The third level category table I have set up has the same structure as this table but is subsubcategory_id / subsubcategory_parent / subsubcategory_name.

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general though: it's batter to use the concept of normalization in tables, store the parent_id as key in this table rather than repeating the name of parent_category for each sub_category_record that refer to the parent table as relation key. –  punit Oct 14 '11 at 15:25
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3 Answers

up vote 3 down vote accepted

only output the catname when it changes. You will also need to order your query by category_name first.

$row = mysql_fetch_array($result);
$catname = $row["category_name"];
$subcatname = $row["subcategory_name"];
$last = $catname;

echo "<li>$catname</li><ul>"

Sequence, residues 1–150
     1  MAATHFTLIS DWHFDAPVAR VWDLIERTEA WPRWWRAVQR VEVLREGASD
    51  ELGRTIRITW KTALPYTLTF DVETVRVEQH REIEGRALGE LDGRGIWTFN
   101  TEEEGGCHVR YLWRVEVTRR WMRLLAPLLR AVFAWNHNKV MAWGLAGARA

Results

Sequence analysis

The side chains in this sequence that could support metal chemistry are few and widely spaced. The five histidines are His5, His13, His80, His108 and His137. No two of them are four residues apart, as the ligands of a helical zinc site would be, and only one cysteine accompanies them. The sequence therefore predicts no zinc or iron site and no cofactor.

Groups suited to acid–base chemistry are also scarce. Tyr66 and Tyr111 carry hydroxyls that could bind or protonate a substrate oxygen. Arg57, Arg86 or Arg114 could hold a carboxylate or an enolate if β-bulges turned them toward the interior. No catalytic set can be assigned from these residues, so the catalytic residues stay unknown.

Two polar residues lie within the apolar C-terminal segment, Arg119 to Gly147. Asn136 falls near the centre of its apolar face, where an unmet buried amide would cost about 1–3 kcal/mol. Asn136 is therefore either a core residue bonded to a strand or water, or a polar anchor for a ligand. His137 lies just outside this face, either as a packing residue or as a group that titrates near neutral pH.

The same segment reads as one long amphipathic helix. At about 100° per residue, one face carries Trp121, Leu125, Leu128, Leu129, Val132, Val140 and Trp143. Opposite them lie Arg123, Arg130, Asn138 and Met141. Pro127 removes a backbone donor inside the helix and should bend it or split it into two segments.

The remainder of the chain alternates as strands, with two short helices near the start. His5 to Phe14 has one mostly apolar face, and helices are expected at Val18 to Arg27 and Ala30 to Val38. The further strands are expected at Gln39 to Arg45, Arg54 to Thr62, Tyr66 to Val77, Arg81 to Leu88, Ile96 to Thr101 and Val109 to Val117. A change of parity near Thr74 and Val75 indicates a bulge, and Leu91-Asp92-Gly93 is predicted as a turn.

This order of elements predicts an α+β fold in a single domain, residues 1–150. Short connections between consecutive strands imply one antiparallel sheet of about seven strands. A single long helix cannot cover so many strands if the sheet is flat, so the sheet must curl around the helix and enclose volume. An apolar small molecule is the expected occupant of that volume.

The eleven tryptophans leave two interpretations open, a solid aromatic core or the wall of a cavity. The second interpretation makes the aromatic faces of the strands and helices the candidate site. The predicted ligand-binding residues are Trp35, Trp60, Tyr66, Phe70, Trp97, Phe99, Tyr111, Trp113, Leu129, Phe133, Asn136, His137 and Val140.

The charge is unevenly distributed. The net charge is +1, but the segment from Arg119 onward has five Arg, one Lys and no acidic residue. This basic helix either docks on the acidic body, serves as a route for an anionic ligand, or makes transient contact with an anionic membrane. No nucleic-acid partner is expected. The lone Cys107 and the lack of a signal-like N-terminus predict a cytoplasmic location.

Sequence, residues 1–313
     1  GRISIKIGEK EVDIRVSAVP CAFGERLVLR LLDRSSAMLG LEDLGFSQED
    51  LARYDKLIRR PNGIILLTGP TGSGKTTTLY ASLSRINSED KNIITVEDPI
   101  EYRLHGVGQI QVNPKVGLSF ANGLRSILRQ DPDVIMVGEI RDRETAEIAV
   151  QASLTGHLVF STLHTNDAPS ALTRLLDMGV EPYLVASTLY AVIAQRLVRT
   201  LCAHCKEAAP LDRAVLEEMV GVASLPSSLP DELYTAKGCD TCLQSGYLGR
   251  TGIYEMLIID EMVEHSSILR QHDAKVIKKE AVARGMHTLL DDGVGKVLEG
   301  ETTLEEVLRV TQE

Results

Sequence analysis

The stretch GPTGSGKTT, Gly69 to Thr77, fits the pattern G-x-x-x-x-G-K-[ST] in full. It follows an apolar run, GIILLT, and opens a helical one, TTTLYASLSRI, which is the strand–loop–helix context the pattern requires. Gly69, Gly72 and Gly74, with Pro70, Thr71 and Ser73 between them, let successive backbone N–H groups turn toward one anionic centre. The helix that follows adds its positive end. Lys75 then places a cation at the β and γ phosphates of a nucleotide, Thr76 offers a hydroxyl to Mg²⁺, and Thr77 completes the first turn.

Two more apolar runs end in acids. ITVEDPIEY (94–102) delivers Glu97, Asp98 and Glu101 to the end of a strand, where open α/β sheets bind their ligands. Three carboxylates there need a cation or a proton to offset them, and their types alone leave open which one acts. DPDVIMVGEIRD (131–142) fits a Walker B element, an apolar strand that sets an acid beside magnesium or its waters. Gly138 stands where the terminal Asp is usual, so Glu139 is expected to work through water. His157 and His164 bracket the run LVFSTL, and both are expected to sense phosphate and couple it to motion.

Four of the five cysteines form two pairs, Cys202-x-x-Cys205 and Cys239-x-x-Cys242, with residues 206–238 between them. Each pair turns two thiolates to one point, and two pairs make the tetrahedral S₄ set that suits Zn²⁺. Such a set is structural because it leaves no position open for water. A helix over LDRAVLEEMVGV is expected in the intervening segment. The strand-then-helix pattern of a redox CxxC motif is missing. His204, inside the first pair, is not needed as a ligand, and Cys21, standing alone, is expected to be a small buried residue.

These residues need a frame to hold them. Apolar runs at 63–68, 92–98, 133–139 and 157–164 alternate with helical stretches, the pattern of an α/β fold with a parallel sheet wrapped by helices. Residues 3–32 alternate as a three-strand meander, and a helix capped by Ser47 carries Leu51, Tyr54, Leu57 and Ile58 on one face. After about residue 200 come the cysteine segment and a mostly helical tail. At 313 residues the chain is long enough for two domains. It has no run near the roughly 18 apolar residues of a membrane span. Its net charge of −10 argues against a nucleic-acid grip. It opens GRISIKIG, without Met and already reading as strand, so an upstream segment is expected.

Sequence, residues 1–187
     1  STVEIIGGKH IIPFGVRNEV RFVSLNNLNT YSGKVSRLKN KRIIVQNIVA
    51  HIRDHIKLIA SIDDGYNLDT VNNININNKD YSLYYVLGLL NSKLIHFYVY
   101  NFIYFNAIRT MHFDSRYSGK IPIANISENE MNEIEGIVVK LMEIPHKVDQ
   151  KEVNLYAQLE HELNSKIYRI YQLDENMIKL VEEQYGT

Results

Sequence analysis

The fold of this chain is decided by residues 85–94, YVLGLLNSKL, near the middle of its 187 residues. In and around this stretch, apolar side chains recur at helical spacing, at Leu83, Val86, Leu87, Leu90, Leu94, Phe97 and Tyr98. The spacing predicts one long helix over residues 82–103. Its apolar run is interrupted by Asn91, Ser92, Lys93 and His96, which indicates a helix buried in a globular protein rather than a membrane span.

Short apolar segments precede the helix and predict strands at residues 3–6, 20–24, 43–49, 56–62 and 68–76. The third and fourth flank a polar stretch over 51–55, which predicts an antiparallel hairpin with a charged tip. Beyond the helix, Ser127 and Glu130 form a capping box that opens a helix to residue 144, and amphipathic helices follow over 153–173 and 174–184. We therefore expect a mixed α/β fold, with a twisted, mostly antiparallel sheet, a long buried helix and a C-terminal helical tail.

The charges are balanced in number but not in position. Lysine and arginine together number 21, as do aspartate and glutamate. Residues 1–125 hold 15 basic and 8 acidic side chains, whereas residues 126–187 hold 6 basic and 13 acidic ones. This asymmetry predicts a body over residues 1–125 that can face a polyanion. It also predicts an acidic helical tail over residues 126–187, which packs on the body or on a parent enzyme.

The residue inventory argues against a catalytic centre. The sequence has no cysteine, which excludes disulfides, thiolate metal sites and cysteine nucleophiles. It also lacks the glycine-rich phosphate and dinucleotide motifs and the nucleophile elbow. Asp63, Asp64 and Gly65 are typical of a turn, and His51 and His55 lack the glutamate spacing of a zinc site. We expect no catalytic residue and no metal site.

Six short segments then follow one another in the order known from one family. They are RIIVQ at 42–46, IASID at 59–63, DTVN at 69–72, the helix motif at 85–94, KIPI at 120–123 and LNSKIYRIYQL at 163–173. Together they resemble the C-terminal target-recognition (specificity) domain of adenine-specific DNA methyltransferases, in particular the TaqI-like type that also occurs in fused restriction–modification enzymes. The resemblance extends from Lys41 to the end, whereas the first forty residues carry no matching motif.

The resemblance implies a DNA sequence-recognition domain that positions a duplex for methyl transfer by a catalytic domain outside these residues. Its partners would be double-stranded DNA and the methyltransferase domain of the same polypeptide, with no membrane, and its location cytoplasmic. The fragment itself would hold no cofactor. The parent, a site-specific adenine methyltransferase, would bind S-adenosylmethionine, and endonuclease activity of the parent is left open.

while($row = mysql_fetch_array($result)) {
    $catname = $row["category_name"];
    $subcatname = $row["subcategory_name"];
    if($last != $catname){
        echo "</ul><li>$catname</li><ul>"
    }
    echo "<li>$subcatname</li>";
    $last = $catname;
}
echo "</ul>";

Edit: Just re-read the question fully and want to say that when it comes to hierarchical trees, using a parent/child (or category/sub/subsub) is not the best method. Although it does work, it usually requires multiple queries and recursive functions for display. A better approach is to use the nested set which is made for exactly this purpose.